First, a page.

Robot Anesthesia

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Anesthesia and its effect on the EEG

Anesthesia is one of the most valued discoveries in all of history. Almost immediately after the first public demonstration of ether anesthesia, a search for a better drug began. Ether, despite its flammability, persisted as the primary inhalation agent for over a hundred years. The breakthrough came with the introduction of a non-flammable volatile anesthetic called halothane in 1955. The FDA approved the drug in 1958, and it quickly became the most commonly used agent in the United States. It was a quantum leap forward in the safety of anesthetic drugs. It became obsolete in 1988 because of hepatotoxicity.(1) In 1950, researchers sought to study the effect of anesthetic gases and anesthesia on consciousness via the EEG (electroencephalogram) analysis, which measures and analyses cortical activity and has been studied since the first human EEG recordings were made in 1924 (2). The effect of anesthetic drugs on cortical potentials is complex, and it changes with the drug employed. They noted that EEG change in frequency accompanied deepening anesthesia. They felt that the constancy of the relationship between the electrical energy output of the cortex and the depth of anesthesia suggested the possibility of employing brain potentials to regulate the dose of the anesthetic agent so that an entirely automatic administration might be achieved. They proposed that the constancy of the relationship between the electrical energy output of the cortex and the depth of anesthesia suggested the possibility of employing brain potentials to regulate the dose of the anesthetic. (3) The circuit diagram for this apparatus shows how the brain potentials derived from the frontal and occipital areas of the scalp are amplified and activate the stepping relay, which causes the rotations of the threaded shaft, which engages a threaded block that presses on the plunger of the syringe injecting the anesthetic agent.(3)

Early EEG driven anesthesia system

They proceeded to build the apparatus and test it on a cat. The researchers proposed that because of its feedback cycle, the apparatus has some of the properties of a homeostatic system, and it would compensate for factors that disturb the equilibrium. In the example they gave, if the anesthetic mixture is diluted or a leak develops in the intravenous tube, the machine automatically increases its rate of administration in an attempt to compensate for these changes. In 1950 they postulated that it would be possible to keep animals and humans automatically anesthetized without any readjustment of the circuit controls and thought that the system could compensate effectively for the changes occurring under these conditions. (3)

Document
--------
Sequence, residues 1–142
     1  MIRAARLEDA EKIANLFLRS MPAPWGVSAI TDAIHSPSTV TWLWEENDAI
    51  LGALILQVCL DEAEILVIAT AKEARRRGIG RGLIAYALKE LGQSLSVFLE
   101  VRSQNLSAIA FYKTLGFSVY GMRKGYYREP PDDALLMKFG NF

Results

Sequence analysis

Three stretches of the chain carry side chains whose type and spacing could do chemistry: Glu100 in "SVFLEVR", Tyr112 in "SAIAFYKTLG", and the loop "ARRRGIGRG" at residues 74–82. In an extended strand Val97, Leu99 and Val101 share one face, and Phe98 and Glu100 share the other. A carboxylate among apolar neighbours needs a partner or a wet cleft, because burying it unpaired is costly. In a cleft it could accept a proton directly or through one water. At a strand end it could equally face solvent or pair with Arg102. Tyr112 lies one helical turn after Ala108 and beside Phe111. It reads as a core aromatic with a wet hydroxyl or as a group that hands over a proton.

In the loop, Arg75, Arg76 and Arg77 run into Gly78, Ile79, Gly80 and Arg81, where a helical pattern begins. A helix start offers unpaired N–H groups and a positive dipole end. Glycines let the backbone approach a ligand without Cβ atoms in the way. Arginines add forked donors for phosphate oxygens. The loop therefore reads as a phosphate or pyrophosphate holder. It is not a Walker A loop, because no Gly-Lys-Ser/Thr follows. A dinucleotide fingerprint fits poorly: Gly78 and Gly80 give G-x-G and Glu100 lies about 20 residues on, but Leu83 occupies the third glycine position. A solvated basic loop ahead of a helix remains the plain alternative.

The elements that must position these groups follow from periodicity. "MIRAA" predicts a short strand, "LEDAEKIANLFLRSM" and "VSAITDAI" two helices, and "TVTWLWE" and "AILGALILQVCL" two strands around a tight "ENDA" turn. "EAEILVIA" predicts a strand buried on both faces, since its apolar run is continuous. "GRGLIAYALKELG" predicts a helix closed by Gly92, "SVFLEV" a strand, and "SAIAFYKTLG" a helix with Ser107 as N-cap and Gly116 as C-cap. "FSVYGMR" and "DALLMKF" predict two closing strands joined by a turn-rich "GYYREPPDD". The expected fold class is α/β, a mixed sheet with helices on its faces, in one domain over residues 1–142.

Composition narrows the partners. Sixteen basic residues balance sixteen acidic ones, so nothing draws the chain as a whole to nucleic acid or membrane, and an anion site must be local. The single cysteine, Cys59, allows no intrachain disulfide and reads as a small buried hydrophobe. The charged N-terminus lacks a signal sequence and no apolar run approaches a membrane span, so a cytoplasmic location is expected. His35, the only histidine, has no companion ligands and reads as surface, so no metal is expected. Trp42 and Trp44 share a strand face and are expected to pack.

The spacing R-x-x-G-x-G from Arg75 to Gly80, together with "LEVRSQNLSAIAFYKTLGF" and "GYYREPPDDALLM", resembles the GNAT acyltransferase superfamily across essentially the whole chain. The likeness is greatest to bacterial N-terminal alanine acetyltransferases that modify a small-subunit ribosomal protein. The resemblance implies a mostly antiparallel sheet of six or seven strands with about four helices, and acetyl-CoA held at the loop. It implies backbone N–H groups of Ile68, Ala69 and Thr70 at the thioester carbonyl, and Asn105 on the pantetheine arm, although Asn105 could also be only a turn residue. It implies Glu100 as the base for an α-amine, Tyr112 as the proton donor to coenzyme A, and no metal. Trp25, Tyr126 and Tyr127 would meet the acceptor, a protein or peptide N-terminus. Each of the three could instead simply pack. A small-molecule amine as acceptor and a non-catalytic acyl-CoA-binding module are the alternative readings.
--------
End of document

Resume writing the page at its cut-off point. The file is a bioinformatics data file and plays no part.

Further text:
The use of BIS for anesthesia management

In 1987 the report on a controller of an ON/OFF type for halothane anesthesia was published. They noted that a proportional-plus-integral controller with time-delay compensation proved not to be robust enough for the known clinical situation, as shown both in computer simulations and in animal trials. Thus, the ON/OFF controller proved to be less sensitive to parameter mismatches, and repeated animal trials showed a short response time and acceptable steady-state tracking. A method for switching the controlled effect of the drug was also developed since anesthetic agents have multiple effects. Mean arterial blood pressure and a measure of EEG frequency were chosen as controlled variables, both being depressed by halothane. They described a coordinator, which forces the system state as near the desired values of these variables as possible, given that only one drug was used. (4) The Bispectral Index (BIS) is an electroencephalogram-derived measure of anesthetic depth. (5) In 2002, a closed-loop anesthesia system was built using BIS as the control variable, a proportional-integral-differential control algorithm, and a propofol target-controlled infusion system as the control actuator. Closed-loop performance was assessed in 10 adult patients. The system was able to provide clinically adequate anesthesia in 9 of 10 patients. (6) The same researchers revised the closed-loop infusion system in patients undergoing minor surgery under propofol and remifentanil anesthesia. They improve the control algorithm by taking into account the effect-site steering. They found that the system could provide clinically adequate anesthesia in all patients, with better accuracy of control than in the previous study. There was a tendency for more accurate control in those patients in whom the control algorithm incorporated effect-site steering. (6)